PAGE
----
7. Set the utm_campaign parameter to the campaign name
The campaign parameter should be identical to the campaign name in the ads platform. Including capitalizations if applicable. Spaces are not allowed in URLs and thus not in UTM parameters.
8. Set the utm_term parameter to signify the targeting of the ad
Google AdWords automatically sets this to the keyword (for paid search), provided that you have auto-tagging enabled. Term is thus used to signify how the ad is targeted. We recommend using it in the same way for all other traffic sources where you have targeting information. For Facebook, for instance, this corresponds to the ad set name as targeting is set at the ad set level in Facebook. For Twitter and LinkedIn ads, create a string based on Twitter or LinkedIn targeting parameters used for ad. For emails, use a term that describes the email list used. For example, “incomplete signups”.
9. Set the utm_content parameter to identify the individual ad
This is usually something that is tied to the creative of the ad. Don’t worry if you use the same creative for two ads with different targeting. Then the content parameter can be the same for the two ads as the term parameter can be used to distinguish the traffic from the two different ads. Examples of the content parameter include “blue banner” or “all jeans 50%”.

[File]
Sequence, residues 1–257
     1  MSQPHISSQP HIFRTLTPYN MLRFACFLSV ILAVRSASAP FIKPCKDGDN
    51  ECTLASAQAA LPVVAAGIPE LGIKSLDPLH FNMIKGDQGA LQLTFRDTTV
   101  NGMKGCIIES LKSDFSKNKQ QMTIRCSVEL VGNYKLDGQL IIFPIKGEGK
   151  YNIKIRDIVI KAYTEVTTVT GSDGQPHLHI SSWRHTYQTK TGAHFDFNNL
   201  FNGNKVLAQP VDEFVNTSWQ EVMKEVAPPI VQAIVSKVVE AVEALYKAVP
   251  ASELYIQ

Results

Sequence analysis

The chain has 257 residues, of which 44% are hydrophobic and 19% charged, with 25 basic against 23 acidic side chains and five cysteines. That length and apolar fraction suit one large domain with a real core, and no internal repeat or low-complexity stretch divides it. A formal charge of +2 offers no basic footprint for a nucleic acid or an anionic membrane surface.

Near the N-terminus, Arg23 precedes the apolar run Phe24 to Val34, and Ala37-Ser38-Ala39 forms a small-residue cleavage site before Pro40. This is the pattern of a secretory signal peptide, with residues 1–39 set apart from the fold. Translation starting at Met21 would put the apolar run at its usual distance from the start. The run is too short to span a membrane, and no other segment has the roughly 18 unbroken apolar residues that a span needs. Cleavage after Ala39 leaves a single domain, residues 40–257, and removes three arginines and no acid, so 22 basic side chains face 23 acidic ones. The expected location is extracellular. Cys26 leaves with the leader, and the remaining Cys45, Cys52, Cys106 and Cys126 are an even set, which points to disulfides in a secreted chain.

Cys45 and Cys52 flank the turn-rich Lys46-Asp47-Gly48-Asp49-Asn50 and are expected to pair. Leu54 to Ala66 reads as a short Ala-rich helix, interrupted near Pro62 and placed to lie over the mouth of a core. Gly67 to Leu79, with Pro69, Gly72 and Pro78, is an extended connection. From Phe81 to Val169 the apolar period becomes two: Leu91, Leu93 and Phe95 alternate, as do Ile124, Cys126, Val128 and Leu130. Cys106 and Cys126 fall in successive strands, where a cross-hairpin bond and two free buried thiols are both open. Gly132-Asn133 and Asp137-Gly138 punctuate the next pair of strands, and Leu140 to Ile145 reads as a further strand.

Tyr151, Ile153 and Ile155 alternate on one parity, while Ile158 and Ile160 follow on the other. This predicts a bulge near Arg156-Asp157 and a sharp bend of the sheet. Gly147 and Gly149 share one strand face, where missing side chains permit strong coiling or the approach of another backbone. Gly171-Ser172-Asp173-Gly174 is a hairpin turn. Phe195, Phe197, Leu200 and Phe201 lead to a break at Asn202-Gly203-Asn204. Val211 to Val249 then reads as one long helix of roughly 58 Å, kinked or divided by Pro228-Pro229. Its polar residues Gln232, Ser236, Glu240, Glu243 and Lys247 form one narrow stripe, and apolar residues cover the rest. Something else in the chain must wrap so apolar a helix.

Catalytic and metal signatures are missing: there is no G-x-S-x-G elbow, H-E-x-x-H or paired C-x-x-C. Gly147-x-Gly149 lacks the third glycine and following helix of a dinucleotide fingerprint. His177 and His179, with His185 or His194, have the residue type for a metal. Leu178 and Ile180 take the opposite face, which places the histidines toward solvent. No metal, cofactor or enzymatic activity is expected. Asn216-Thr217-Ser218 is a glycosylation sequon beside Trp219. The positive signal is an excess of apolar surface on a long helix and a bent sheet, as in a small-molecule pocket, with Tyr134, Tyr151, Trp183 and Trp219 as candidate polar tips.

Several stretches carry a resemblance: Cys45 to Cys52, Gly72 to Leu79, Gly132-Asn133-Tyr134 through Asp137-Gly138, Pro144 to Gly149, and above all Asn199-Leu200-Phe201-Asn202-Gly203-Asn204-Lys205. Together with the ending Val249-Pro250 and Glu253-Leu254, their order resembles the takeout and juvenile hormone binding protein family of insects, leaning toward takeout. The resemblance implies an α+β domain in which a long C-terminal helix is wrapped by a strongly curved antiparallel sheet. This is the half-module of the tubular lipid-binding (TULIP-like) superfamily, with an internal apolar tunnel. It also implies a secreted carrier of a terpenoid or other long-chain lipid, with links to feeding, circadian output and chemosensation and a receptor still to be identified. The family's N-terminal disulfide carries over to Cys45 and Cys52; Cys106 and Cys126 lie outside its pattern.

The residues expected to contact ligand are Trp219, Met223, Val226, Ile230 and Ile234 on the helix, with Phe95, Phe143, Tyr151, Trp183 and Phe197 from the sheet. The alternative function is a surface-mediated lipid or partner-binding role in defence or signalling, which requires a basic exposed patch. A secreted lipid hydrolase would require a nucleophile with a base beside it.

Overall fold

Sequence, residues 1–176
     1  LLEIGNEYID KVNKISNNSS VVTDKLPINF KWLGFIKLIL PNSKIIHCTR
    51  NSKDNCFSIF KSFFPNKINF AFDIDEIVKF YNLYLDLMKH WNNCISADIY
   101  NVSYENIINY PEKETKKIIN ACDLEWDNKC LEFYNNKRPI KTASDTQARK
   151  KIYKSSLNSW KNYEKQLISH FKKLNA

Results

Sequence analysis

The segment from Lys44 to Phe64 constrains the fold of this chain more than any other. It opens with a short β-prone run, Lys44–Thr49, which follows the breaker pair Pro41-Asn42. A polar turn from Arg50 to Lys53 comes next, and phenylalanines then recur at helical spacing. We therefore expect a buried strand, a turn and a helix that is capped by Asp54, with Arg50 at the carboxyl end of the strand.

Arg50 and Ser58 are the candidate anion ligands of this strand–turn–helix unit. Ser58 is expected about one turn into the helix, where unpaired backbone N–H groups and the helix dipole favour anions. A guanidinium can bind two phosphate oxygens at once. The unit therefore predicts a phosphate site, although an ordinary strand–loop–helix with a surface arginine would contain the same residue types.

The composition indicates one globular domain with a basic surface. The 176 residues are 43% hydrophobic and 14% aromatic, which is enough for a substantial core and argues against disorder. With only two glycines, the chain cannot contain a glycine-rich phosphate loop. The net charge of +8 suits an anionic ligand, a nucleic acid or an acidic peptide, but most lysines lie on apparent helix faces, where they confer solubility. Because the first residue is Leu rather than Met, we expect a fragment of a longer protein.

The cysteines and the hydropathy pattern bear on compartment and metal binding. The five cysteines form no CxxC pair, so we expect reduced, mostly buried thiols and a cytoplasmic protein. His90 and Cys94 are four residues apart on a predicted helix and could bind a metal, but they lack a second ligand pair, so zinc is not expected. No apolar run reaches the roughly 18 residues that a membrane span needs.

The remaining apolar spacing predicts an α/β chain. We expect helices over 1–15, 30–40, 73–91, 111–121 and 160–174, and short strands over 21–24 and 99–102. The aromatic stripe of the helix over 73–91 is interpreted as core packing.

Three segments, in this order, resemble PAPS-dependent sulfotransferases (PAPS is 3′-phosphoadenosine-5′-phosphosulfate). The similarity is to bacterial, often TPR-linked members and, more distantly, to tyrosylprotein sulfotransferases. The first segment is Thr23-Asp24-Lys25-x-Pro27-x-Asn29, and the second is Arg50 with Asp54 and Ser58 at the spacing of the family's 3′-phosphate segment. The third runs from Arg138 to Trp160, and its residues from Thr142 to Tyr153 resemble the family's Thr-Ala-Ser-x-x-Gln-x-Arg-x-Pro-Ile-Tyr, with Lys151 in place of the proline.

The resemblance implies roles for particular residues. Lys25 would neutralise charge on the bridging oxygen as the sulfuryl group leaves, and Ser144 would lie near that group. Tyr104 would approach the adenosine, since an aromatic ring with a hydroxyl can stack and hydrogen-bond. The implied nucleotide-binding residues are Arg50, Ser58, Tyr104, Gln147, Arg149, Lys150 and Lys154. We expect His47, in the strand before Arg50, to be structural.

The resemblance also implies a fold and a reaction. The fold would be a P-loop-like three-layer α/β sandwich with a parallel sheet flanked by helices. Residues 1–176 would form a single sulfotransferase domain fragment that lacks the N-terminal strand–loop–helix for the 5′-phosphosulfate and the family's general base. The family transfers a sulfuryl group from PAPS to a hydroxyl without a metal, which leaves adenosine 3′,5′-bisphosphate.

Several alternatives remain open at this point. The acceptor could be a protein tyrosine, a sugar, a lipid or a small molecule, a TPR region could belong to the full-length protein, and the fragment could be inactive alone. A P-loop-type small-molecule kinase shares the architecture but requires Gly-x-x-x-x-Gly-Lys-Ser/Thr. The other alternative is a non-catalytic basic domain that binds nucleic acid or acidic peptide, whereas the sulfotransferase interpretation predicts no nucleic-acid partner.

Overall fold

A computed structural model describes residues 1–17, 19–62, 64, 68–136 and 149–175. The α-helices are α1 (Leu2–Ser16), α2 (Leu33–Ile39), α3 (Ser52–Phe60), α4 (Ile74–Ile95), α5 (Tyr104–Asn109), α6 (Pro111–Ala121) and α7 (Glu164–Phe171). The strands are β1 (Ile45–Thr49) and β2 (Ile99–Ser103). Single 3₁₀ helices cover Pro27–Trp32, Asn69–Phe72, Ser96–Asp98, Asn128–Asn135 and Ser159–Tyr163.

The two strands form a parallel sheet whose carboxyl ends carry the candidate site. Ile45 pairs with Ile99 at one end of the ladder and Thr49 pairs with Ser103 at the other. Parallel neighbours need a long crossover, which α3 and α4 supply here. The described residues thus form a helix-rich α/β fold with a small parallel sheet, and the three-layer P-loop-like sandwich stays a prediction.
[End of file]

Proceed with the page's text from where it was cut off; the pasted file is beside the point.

10. Be consistent when changing campaigns
The campaign, term and content tags depend on the campaign name, keyword or targeting, and ad creative in the advertising platform. If you make changes to any of these after you have launched the ad you have two choices. Either you leave the UTM parameters as they are or you change them to reflect the new values. Our recommendation is that you change the UTM tags to reflect the modifications you have made in the ads platform. This way you know there is always a consistency between the two.
The table below shows you the five different UTM parameters with suggestions for how to use them. It should be relatively easy to decide on a convention that suits your business. Again, the most important thing is to tag all URLs and to be consistent. If in doubt, keep it simple. Also, make sure that Google AdWords and Bing auto-tagging is enabled. This will save a lot of manual work.
The seven most common UTM tagging mistakes:
1. Not tagging at all
We are surprised how often we see this, even with larger advertisers.